Hyuk Kim lost his mother when he was 6, then his father when he was 11. After his father died, he lived with a group of six other orphan boys in North Hamgyong province, located at the northern most tip of North Korea.
“We started a fire together, but we still couldn’t sleep because it was so cold,” he said. “We just warmed ourselves with the fire at night and we mainly slept during the day when the sun was shining.
In the punishing winters, Hyuk and other orphans would break into sheds containing electric transformers near factories and markets to find a warm place to sleep. “Many children accidentally end up touching the transformers while sleeping and die,” said Hyuk, who asked that his real name not be used for the safety of family members still in North Korea. As Hyuk dozed off each night curled next to a transformer, he would try to stay as still as possible — willing himself not to move in his sleep. “During the night, we needed to find food to eat. We sometimes stole food from others and gathered food from here and there.”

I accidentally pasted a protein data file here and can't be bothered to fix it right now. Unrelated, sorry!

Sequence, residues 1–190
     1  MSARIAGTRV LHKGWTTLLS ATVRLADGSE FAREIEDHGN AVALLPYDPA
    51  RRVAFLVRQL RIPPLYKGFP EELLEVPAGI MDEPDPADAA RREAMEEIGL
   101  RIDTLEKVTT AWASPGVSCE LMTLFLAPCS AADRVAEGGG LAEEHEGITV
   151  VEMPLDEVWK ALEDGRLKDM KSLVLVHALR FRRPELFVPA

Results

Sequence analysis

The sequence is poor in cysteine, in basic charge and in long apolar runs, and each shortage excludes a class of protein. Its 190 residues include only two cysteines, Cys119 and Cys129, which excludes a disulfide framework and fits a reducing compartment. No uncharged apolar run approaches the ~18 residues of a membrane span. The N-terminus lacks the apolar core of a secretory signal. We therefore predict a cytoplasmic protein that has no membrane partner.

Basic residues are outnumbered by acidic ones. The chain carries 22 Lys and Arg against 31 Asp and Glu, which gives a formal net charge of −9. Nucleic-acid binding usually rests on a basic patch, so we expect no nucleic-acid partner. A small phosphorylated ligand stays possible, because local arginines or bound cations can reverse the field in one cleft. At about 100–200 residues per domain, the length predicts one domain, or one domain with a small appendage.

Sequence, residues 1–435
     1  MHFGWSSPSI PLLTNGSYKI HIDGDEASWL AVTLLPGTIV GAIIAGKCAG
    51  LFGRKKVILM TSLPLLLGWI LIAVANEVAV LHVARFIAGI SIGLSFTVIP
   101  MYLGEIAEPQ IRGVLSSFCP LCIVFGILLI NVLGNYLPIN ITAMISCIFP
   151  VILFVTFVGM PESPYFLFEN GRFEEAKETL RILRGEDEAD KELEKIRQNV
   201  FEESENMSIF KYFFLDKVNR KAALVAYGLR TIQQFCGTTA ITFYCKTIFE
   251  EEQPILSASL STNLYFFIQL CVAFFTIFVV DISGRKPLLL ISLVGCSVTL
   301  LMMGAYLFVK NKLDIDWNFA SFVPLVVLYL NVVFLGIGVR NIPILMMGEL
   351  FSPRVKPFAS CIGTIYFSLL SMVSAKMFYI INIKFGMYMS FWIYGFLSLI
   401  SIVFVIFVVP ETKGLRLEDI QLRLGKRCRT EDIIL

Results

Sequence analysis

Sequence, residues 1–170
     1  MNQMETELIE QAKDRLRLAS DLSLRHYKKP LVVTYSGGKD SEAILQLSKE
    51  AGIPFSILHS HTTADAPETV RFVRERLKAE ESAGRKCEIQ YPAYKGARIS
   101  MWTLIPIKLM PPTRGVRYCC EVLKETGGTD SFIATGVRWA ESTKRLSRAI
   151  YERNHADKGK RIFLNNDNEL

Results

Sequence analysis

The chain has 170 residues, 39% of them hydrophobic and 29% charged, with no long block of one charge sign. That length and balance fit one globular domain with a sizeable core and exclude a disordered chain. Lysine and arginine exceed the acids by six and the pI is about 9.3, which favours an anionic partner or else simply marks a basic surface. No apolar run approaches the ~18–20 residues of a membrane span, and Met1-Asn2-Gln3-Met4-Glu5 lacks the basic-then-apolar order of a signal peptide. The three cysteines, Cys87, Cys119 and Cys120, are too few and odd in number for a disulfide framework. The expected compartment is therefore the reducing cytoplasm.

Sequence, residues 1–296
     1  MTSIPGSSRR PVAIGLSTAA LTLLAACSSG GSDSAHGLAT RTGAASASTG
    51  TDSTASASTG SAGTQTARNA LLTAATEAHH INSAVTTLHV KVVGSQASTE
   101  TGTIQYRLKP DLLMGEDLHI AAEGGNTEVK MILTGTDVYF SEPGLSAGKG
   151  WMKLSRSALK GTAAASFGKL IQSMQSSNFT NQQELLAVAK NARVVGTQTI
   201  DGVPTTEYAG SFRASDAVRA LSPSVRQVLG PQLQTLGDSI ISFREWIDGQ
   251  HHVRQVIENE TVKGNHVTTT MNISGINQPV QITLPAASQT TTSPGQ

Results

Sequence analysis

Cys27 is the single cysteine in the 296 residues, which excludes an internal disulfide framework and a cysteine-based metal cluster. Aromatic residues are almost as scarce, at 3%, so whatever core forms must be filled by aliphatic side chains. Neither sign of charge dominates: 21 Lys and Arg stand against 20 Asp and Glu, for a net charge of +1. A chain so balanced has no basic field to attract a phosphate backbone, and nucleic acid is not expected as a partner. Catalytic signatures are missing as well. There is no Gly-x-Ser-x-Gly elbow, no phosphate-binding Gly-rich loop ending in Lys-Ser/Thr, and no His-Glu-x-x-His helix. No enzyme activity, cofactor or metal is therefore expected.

When something went missing in the neighborhood, the blame automatically fell on Hyuk and his friends, even when they had not been involved. The children would be taken to the police station and tied to chairs, he said. “The police would then automatically accuse us of stealing because they assume we would have stolen since we don’t have parents. They hit us, tie us up, and torture us. There was no one to defend us.”
Hyuk Kim fled North Korea in 2011, nearly a decade after becoming an orphan. Hyuk, now 21, attends Hangyeore Middle-High School in South Korea, where he sleeps in a bed inside a heated dormitory. The school serves three warm, buffet-style meals a day, and students can pile as much food as they’d like on their metal trays. The school, set up by the South Korean government, does not charge tuition.
Most North Koreans escape by crossing the river on the northern border to China. Some street children who flee to China become easy prey to traffickers, according to human rights activists. The girls are sold into the sex trade, or as wives for rural Chinese men. China sends back those escapees they catch, so defectors live in hiding — fearing they’ll be imprisoned and tortured back home.